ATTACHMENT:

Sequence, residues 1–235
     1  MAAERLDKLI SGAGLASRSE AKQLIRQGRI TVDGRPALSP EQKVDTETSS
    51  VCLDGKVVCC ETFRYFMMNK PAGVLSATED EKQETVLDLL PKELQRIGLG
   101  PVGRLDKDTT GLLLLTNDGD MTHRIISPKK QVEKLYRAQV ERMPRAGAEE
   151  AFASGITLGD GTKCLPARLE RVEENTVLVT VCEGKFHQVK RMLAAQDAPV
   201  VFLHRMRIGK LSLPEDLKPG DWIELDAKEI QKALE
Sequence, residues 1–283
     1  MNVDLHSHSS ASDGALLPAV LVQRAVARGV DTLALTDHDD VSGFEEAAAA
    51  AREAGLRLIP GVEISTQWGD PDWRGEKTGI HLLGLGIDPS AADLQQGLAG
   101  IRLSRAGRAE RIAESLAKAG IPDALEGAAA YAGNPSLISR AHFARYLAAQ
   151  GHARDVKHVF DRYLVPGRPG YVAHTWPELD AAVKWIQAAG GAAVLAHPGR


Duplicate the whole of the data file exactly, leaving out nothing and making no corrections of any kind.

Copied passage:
Sequence, residues 1–235
     1  MAAERLDKLI SGAGLASRSE AKQLIRQGRI TVDGRPALSP EQKVDTETSS
    51  VCLDGKVVCC ETFRYFMMNK PAGVLSATED EKQETVLDLL PKELQRIGLG
   101  PVGRLDKDTT GLLLLTNDGD MTHRIISPKK QVEKLYRAQV ERMPRAGAEE
   151  AFASGITLGD GTKCLPARLE RVEENTVLVT VCEGKFHQVK RMLAAQDAPV
   201  VFLHRMRIGK LSLPEDLKPG DWIELDAKEI QKALE
Sequence, residues 1–283
     1  MNVDLHSHSS ASDGALLPAV LVQRAVARGV DTLALTDHDD VSGFEEAAAA
    51  AREAGLRLIP GVEISTQWGD PDWRGEKTGI HLLGLGIDPS AADLQQGLAG
   101  IRLSRAGRAE RIAESLAKAG IPDALEGAAA YAGNPSLISR AHFARYLAAQ
   151  GHARDVKHVF DRYLVPGRPG YVAHTWPELD AAVKWIQAAG GAAVLAHPGR